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Are actions having any effects?

Juan Fernandez Firecrown, John Horsfall/www.rarebirdsyearbook.com

Only about a quarter of globally threatened birds have benefited from conservation actions but this is partly because this analysis includes research actions (which lay the foundations for effective conservation management). The challenge now is to build on this accumulated knowledge to prioritise direct interventions for threatened species. For the highest priority species, a review of those direct actions (i.e. excluding research) that have been implemented shows that 55% have benefited from conservation.


Proportion of globally threatened bird species which have directly benefited from conservation actions

Analysis of data held in BirdLife’s World Bird Database (2004).

Although 67% of threatened birds have had at least some action implemented since 2000, not all these actions have yet benefited the species directly. For only 24% of threatened birds has this been the case, by mitigating threats or through inferred effects on population size, trends, or productivity (although not necessarily yet resulting in a change in IUCN Red List Category). For only 4% of species is the benefit judged to be significant. For 26% of species, the action has had no direct benefit yet, and for the remaining 17% where one or more actions have been implemented, the effects are unknown (analysis of data held in BirdLife’s World Bird Database 2004; see figure). Actions that have not directly benefited species have not necessarily been ineffective, because many involve essential research on, for example, distribution, population size or cause of declines. Research may not immediately benefit the species, but it paves the way for effective conservation management. The challenge is now to follow up our improved knowledge with urgent implementation of direct interventions to reduce declines or increase populations.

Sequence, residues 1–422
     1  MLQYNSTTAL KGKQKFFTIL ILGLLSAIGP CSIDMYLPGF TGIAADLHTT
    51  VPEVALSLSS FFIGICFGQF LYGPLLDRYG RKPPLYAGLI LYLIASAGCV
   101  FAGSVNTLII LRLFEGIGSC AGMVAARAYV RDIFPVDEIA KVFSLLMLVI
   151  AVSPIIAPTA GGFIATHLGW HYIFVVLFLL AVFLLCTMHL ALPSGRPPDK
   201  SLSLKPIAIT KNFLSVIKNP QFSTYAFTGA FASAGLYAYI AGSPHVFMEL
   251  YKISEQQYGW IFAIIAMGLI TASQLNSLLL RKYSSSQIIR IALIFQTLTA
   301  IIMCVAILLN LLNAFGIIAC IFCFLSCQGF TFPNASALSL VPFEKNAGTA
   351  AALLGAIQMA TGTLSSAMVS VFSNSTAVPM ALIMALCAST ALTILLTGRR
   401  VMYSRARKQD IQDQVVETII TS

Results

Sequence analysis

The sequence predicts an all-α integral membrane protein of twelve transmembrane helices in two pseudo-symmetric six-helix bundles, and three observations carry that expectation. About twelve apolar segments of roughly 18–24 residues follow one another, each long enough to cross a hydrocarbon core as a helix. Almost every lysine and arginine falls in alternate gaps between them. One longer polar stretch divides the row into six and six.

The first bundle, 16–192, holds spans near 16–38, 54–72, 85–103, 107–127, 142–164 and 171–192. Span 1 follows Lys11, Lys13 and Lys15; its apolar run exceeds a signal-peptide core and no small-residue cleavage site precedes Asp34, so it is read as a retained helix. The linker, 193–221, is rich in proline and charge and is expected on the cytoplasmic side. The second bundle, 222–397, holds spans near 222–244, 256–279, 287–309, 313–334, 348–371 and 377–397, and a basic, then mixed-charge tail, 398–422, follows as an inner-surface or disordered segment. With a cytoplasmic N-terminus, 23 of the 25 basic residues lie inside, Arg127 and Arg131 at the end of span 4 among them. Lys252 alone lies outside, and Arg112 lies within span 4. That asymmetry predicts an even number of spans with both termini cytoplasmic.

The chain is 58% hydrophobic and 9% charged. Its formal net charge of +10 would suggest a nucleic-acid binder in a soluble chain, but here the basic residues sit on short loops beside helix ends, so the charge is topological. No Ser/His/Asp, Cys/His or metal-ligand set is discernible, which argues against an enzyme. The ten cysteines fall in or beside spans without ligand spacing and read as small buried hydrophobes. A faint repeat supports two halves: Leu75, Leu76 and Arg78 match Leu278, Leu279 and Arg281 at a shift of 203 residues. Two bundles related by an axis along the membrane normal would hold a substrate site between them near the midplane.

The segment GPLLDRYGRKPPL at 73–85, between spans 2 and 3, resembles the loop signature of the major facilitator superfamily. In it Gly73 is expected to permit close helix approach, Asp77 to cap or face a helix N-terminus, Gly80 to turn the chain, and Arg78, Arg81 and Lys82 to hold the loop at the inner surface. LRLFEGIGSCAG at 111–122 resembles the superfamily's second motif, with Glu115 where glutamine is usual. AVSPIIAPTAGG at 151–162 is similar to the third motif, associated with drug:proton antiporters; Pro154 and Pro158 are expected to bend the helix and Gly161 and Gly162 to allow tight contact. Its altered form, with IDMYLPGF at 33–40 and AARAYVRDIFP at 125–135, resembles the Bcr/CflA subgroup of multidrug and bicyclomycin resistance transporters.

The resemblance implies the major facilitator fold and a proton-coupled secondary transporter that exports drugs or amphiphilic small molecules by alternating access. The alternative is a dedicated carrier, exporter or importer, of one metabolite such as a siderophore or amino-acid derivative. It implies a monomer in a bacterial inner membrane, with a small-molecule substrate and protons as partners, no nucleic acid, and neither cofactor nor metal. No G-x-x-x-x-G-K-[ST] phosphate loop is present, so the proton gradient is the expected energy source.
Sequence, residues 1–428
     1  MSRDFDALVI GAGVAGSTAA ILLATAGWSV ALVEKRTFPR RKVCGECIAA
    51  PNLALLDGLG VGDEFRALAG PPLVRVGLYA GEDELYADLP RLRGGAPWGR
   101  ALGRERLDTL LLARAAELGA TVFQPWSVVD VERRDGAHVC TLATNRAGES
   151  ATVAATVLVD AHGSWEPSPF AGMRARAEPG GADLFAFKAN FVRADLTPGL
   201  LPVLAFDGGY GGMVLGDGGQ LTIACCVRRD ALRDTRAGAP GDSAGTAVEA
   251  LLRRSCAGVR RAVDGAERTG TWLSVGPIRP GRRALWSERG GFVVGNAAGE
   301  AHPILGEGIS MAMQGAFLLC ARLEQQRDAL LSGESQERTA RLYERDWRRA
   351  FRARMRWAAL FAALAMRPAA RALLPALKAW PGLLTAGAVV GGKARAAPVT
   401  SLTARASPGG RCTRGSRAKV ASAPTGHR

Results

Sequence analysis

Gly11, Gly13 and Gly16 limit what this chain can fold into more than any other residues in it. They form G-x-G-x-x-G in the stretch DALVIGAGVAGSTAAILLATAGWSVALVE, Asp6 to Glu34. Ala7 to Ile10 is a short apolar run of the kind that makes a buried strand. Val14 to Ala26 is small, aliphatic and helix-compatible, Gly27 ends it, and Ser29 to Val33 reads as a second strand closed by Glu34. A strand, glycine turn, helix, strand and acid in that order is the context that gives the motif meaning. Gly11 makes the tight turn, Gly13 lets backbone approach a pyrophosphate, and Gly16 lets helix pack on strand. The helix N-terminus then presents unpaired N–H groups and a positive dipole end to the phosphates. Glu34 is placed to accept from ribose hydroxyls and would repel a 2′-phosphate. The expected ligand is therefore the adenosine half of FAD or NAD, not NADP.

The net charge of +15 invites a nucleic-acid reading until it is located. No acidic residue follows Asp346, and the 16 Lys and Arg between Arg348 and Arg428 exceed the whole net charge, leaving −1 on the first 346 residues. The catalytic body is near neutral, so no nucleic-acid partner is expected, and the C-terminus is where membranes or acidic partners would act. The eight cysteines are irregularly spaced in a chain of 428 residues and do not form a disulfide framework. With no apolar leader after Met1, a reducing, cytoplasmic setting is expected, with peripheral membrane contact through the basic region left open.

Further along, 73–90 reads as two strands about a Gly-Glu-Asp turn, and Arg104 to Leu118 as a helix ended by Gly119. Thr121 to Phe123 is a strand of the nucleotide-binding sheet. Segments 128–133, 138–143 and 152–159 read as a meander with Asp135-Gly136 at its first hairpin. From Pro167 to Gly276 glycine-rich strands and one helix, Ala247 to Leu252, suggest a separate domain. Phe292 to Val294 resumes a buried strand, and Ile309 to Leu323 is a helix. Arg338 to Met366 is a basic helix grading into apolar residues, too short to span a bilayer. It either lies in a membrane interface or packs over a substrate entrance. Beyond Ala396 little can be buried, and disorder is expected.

For those Critically Endangered birds that face the greatest risk of extinction effective conservation actions are an urgent priority. In 2008, a review of those direct actions (i.e. excluding research) that have been implemented for these species shows that 55% have benefited from conservation (analysis of data held in BirdLife’s World Bird Database 2008).



Acknowledgements

Information kindly provided by 100+ species experts.

Compiled 2004, updated 2008

Recommended Citation:
BirdLife International (2008) Are actions having any effects?. Presented as part of the BirdLife State of the world's birds website. Available from: http://www.birdlife.org/datazone/sowb/casestudy/214. Checked: 02/09/2014